Monday, 28 June 2010

ICF and Conductive Education

Promised posting

At the Plenary Round Table of the XX. Anniversary Conference of Tsad Kadima, Tel Aviv, December 2007, Peter Rosenbaum asked –

Today, the ICF is a central framework, which should guide our work and thinking, both for clinical and research activities in childhood disability.  Please try to ‘place’ the ideas of the approach you represent into the ‘modern’ conceptual framework of the ICF. 

This is a transcript of my impromptu reply –

Conductive Education has remained largely untouched by the International Classification of Functioning, Heath and Disability. Internally at least, Conductive Education has not needed this, as it has already implicitly moved on to the next stage, which involves mechanisms for change not just classification.

Conductive Education represents a systemic view of human mental development – whether that be a matter of normal or disordered development. From such a viewpoint, the human biological entity exists and acts upon a social world that acts reciprocally back upon the individual, out of which active reciprocity culture is transmitted to each new member of society, emotional bonds are shaped, concepts are formed and our individual psychological worlds created. This is cumbersome to express, but it something that most of us already 'know' from the experience of our own lives. But what happens when some vital biological mechanism is affected (perhaps a child cannot hear, or cannot see) that is vital that is to establishing and maintaining effective, reciprocal transactions with a child's material and especially social worlds? Then we get what Vygotskii (1983, pp. 67ff.) called a 'social dislocation' (English reference translation: Vygotskii, 1993, pp. 76ff.), akin to the physical dislocation of, say, an arm. In the case of a physical dislocation the structure is out of joint, it does not function properly, and it is painful to try.

So too with a dislocation of the process of development If social interaction is out of joint then the reciprocal processes of learning may proceed in a deformed or dysfunctional manner (note the word 'dysfunctional'). This in turn affects the formation of the child's psychological qualities, and the quality of the parents' upbringing of their child, feeding back to the social or even to the biological level, establishing a vicious circle of non-productive learning and development. It is perhaps surprising that developmental psychologists, for all their enormous interest in children who are blind or deaf, have almost wholly ignored the development of children with motor disorders.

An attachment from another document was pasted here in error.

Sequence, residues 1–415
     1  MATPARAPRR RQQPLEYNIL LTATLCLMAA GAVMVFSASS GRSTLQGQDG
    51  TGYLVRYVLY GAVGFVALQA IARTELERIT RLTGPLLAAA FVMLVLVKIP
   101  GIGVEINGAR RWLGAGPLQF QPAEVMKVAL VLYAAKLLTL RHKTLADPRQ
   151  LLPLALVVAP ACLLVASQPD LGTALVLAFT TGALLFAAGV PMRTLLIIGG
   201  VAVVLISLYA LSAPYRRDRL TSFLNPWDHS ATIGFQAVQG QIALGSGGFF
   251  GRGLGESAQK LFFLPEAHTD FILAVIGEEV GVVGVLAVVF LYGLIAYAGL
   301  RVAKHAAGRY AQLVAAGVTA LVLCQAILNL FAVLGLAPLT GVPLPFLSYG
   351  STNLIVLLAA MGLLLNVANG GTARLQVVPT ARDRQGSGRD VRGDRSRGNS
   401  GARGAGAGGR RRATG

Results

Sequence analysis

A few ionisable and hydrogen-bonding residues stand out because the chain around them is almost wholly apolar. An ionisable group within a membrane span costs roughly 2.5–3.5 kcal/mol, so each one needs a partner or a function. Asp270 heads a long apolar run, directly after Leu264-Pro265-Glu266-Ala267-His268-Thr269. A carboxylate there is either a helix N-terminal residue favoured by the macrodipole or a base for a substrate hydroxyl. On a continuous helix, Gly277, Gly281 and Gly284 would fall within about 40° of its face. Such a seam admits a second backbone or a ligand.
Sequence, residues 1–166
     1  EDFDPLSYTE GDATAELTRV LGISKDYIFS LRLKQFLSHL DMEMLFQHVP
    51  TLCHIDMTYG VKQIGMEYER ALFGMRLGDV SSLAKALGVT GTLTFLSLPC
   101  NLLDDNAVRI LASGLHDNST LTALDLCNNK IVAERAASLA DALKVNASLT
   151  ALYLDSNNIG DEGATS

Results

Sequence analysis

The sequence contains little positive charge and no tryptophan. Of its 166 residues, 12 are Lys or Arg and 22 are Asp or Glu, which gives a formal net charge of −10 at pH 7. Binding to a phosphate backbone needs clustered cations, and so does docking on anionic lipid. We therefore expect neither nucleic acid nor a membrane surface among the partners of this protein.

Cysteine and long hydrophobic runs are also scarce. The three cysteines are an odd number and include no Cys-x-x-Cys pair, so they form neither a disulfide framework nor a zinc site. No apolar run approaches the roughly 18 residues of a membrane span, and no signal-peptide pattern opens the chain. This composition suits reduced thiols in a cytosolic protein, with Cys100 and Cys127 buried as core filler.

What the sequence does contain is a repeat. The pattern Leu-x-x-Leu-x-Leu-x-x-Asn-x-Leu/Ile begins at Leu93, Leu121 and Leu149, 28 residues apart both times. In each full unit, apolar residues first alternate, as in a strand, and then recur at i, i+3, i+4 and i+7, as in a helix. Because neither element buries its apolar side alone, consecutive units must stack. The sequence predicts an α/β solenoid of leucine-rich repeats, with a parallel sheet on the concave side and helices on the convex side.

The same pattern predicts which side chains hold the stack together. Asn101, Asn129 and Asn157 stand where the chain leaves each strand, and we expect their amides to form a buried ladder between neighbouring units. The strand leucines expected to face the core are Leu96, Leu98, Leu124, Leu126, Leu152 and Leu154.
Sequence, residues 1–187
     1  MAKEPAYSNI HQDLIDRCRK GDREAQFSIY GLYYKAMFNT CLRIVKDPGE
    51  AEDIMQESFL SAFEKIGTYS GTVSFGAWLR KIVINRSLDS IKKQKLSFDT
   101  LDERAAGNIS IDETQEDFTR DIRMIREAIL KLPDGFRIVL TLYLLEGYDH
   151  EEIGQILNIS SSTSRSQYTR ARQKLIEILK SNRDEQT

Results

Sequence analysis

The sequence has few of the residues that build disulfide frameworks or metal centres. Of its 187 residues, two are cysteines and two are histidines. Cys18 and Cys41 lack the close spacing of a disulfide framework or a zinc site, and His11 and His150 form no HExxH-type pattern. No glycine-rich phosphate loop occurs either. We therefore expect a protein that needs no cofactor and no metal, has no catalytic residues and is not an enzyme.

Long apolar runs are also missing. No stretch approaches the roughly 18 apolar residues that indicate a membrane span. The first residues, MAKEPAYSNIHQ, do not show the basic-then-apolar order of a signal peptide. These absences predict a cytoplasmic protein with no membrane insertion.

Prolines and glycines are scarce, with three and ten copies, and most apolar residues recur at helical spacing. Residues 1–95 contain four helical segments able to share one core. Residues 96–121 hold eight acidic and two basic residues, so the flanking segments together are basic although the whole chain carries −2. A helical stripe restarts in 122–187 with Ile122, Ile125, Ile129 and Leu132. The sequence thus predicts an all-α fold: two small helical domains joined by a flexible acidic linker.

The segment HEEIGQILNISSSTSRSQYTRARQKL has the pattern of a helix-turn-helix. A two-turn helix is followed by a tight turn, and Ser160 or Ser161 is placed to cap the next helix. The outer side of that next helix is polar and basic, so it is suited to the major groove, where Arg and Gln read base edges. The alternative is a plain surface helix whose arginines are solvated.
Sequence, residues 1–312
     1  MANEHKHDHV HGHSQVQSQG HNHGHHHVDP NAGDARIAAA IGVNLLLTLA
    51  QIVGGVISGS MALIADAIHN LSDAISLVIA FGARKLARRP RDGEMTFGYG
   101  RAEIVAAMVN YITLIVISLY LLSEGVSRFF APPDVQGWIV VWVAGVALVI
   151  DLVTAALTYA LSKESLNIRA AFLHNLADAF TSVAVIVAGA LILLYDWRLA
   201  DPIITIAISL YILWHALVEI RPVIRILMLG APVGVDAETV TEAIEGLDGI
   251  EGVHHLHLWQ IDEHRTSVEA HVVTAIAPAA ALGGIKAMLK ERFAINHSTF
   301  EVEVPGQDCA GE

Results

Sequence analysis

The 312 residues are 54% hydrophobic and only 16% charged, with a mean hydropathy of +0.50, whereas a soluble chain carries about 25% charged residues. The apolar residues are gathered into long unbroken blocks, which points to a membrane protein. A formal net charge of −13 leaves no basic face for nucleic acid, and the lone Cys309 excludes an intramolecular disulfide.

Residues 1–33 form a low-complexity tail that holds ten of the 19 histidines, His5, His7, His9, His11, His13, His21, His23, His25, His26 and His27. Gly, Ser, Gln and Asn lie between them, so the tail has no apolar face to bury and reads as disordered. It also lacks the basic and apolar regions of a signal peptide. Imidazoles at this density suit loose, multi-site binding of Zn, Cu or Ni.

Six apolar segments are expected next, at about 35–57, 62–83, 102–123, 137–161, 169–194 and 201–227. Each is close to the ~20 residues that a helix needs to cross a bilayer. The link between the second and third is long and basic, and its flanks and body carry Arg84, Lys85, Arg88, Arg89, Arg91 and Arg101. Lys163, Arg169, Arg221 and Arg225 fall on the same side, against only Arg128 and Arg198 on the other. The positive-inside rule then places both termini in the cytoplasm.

When development is dislocated by motor disorder, what is the conductors' task (rather, what is the task of Conductive Education because parents' upbringing should play as important a role here as does conductors' pedagogy)? It is to ensure that all parties involved seek actively to find ways to correct the negative systemic cycle, the chain of consequences that leads from the biological through the social to the psychological, and replace it with a self-reinforcing, benign cycle of learning and development (in the language or Conductive Education, to replace dysfunction with orthofunction).

In a way the International Classification of Functioning already covers this, and so it does but at a descriptive level.

So there you have the dimension, the stage upon which Conductive Education plays its role, whether implemented by conductors or conductive parents, not at the level of the underlying condition but in its systemic sequelae in the social and psychological spheres, where problems arising through learning are met by solutions brought about through pedagogy and upbringing.

If the ICF makes it respectable to mention such levels of effect, then so much the better for the plausibility of Conductive Education, and perhaps Conductive Education has till now missed a chance by not speaking more in the language of the ICF. But the practice of Conductive Education is based upon a rather more dynamic understanding.

A shortened version of this text has recently been published in the Israeli Journal of Occupational Therapy, as part of a report of the whole Round Table. My thanks to Michal De La Vega, Chair of the Israeli Society of Occupational Therapy for confirming that my publishing this original here does not trespass upon ISOT's rights, and to Rony Schenker for mediating.

The reason for publishing this transcript here in full is partly to establish intellectual rights and partly to indicate what was really being argued. The previous posting on this matter refers:

Sutton, A. (2010) CE and ICF, Conductive World, 21 June

Full report of the Round Table:

Schenker, R., Capelovitch, S., Sutton, A., Rosenbaum, P. (2010) Conductive Education and NDT-Bobath: experts' discussion on history, development and current practice, Israeli Journal of Occupational Therapy, vol. 19, no 2, pp. E31-53
(URL still awaited)

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